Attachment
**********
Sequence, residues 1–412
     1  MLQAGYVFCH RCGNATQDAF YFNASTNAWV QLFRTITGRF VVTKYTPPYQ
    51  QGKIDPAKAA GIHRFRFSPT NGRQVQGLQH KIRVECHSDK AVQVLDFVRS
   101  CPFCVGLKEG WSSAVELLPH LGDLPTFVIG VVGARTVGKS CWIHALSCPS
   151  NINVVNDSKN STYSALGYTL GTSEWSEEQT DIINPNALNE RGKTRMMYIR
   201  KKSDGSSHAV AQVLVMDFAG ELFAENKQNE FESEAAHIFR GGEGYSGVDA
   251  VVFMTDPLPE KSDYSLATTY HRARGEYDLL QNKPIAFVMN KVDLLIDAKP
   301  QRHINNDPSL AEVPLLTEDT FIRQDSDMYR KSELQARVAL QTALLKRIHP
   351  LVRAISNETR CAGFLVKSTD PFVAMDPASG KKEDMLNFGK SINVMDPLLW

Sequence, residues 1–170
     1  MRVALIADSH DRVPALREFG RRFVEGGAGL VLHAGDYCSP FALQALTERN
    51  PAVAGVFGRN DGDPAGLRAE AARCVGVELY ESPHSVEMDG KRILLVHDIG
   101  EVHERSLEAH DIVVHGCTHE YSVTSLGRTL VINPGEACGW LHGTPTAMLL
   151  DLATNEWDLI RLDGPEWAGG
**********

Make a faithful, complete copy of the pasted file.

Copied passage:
Sequence, residues 1–412
     1  MLQAGYVFCH RCGNATQDAF YFNASTNAWV QLFRTITGRF VVTKYTPPYQ
    51  QGKIDPAKAA GIHRFRFSPT NGRQVQGLQH KIRVECHSDK AVQVLDFVRS
   101  CPFCVGLKEG WSSAVELLPH LGDLPTFVIG VVGARTVGKS CWIHALSCPS
   151  NINVVNDSKN STYSALGYTL GTSEWSEEQT DIINPNALNE RGKTRMMYIR
   201  KKSDGSSHAV AQVLVMDFAG ELFAENKQNE FESEAAHIFR GGEGYSGVDA
   251  VVFMTDPLPE KSDYSLATTY HRARGEYDLL QNKPIAFVMN KVDLLIDAKP
   301  QRHINNDPSL AEVPLLTEDT FIRQDSDMYR KSELQARVAL QTALLKRIHP
   351  LVRAISNETR CAGFLVKSTD PFVAMDPASG KKEDMLNFGK SINVMDPLLW

Sequence, residues 1–170
     1  MRVALIADSH DRVPALREFG RRFVEGGAGL VLHAGDYCSP FALQALTERN
    51  PAVAGVFGRN DGDPAGLRAE AARCVGVELY ESPHSVEMDG KRILLVHDIG
   101  EVHERSLEAH DIVVHGCTHE YSVTSLGRTL VINPGEACGW LHGTPTAMLL
   151  DLATNEWDLI RLDGPEWAGG